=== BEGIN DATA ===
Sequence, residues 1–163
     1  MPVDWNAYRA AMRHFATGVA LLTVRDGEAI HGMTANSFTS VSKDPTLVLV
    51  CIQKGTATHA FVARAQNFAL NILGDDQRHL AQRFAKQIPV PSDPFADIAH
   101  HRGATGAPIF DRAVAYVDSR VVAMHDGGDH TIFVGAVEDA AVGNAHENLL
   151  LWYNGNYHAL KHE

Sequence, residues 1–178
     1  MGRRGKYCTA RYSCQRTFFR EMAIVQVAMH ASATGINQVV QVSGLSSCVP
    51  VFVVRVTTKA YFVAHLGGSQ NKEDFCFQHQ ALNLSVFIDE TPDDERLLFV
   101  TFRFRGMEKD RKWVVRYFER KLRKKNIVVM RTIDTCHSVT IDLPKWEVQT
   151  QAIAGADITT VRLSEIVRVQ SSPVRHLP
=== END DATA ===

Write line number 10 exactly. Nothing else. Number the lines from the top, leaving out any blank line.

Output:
   151  QAIAGADITT VRLSEIVRVQ SSPVRHLP